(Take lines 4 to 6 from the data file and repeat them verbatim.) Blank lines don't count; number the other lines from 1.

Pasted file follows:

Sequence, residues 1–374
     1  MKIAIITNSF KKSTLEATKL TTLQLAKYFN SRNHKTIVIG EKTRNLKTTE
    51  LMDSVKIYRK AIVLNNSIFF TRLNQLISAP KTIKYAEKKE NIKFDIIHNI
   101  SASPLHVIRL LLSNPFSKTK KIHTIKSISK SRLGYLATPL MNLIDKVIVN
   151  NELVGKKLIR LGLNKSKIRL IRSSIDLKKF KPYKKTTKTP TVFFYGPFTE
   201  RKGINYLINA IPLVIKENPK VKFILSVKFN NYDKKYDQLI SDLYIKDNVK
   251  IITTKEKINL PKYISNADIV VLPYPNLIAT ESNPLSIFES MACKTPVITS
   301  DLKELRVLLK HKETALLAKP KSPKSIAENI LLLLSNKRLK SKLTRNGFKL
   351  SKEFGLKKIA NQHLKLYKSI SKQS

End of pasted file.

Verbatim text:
   101  SASPLHVIRL LLSNPFSKTK KIHTIKSISK SRLGYLATPL MNLIDKVIVN
   151  NELVGKKLIR LGLNKSKIRL IRSSIDLKKF KPYKKTTKTP TVFFYGPFTE
   201  RKGINYLINA IPLVIKENPK VKFILSVKFN NYDKKYDQLI SDLYIKDNVK